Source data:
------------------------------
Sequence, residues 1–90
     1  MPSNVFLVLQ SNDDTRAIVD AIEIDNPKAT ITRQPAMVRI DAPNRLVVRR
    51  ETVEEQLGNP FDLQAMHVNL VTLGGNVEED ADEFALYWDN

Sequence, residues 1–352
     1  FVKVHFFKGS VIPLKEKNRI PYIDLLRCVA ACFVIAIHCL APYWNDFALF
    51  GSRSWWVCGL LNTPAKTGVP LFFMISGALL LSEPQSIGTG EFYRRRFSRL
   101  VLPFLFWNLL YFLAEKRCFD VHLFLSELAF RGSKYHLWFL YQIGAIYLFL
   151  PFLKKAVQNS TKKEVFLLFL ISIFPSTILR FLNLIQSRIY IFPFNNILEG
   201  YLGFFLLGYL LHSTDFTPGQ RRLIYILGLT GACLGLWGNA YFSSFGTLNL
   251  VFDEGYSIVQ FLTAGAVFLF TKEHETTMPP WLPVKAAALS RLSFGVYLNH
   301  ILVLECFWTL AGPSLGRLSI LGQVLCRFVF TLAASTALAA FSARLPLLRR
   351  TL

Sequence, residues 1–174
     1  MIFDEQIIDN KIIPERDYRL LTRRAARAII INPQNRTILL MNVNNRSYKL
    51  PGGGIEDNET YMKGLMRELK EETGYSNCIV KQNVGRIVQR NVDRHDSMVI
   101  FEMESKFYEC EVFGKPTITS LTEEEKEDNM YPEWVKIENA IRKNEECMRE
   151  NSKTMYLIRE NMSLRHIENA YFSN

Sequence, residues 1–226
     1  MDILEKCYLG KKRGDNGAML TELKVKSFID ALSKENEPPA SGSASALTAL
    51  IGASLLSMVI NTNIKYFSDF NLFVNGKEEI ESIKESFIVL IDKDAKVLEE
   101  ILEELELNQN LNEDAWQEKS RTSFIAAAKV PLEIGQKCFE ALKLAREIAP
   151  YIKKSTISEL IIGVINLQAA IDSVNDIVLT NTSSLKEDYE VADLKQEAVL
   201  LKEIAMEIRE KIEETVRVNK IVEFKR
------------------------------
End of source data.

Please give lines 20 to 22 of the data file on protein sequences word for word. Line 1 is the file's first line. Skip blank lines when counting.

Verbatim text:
    51  IGASLLSMVI NTNIKYFSDF NLFVNGKEEI ESIKESFIVL IDKDAKVLEE
   101  ILEELELNQN LNEDAWQEKS RTSFIAAAKV PLEIGQKCFE ALKLAREIAP
   151  YIKKSTISEL IIGVINLQAA IDSVNDIVLT NTSSLKEDYE VADLKQEAVL